Oct and Sox Transcription FactorsApril 2009 Molecule of the Month by David Goodsell
doi: 10.2210/rcsb_pdb/mom_2009_4 (PDF Version, ePub Version )
The development of a complete human being from a single cell is one of the great miracles of life. A human egg cell contains about 30,000 genes that encode proteins, and of these, about 3,000 of these genes encode transcription factors. Transcription factors determine when genes will be turned on and turned off, orchestrating the many processes involved in the development of an embryo and the many tasks performed by each cell after a child is born. Amazingly, there is only about 1 transcription factor for every 10 genes, posing a puzzle: how does this limited set of proteins control the many genes and processes that must be regulated?
One of the answers to this question may be discovered by looking at the binding sites for transcription factors in the genome. Typical genes in our cells have extensive regulatory regions before and after the genes, sometimes 100,000 base pairs away, and occasionally even inside the genes. These regions act in many different ways, as enhancers, silencers, insulators, and promotors of the gene. Each gene is controlled by a combination of many transcription factors, which together form a consensus as to whether the gene will be expressed or not at any given time.
Choosing a Path
Oct4 and its cofactor Sox2 are at the center of a collection of transcription factors that control the first decisions in the development of an embryo. Oct4 is present in embryonic stem cells, and its levels drop when the cell starts to divide and differentiate into different types of cells. It has been called the "gatekeeper" of development, since it is necessary for maintaining the stem cell state. The structure shown here, from PDB entry 1gt0, shows the DNA-binding portions of a similar protein, Oct1 (at the bottom in turquoise), and Sox2 (at the top in blue) bound to a short piece of DNA (in orange and pink).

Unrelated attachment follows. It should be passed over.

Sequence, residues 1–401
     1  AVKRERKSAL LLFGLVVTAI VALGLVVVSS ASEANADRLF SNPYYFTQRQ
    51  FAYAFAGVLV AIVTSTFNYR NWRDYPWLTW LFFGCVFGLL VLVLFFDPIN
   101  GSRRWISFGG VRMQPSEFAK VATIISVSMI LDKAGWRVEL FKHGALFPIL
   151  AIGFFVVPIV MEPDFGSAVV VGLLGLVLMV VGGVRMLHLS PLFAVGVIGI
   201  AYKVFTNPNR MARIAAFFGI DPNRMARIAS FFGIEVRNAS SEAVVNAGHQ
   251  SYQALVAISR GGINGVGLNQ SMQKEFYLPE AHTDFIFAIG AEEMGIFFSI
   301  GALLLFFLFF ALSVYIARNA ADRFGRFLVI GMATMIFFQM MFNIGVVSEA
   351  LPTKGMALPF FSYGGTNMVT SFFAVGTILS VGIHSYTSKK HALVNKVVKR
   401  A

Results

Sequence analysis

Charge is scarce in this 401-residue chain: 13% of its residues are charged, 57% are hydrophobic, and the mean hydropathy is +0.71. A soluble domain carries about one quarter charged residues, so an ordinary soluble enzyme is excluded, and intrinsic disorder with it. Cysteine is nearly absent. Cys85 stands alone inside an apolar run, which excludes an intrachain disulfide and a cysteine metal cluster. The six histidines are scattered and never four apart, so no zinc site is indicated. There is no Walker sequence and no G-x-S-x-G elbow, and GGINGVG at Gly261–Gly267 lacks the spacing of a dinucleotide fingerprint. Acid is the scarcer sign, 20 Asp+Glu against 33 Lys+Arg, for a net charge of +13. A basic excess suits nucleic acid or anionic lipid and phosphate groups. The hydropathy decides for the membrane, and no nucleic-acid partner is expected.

Unfortunately, once stem cells make their choices and differentiate into nerve cells or skin cells or other types of cells, they are normally unable to reverse their choices and become stem cells once again. If this were possible, however, it would be very useful: for instance, imagine taking a few skin cells from a patient with diabetes, and then changing these cells into pancreatic cells that can make insulin. Researchers have recently used Oct4 and Sox2 to make the first steps towards this amazing goal. By adding the genes for these proteins, along with a few other transcription factors, to skin cells, they were able to reprogram the cells into "pluripotent" stem cells that are able to form many other cell types.
The reprogramming of skin cells or other cells into stem cells requires a few helper proteins that relay the signal of Oct4 to the many genes that must be affected. The two proteins shown here--c-Myc (top) and Klf4 (bottom)--were used in the first successful reprogramming experiments. The DNA-binding portion of c-Myc is shown bound to a small piece of DNA along with its partner protein Max, from PDB entry 1nkp. The DNA-binding portion of Klf transcription factors are composed of three zinc finger domains, shown here from PDB entry 2ebt.
click on the image for an interactive Jmol
Exploring the Structure
Combinatorial control, where several transcription factors bind together to control a gene, allows the same proteins to be used in different ways. This is shown in two structures of Oct1 and Sox2 bound to different pieces of regulatory DNA. In PDB entry 1gt0 (left), the proteins are bound to the FGF4 enhancer DNA and the two proteins interact weakly through and extended tail of Sox2. In PDB entry 1o4x (right), the proteins are bound closer together on the Hoxb1regulatory sequence and they form a stronger interaction. In this way, the different spacing of the binding sites in the DNA can control the binding strength of the Oct and Sox complex.
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© 2013 David Goodsell & RCSB Protein Data Bank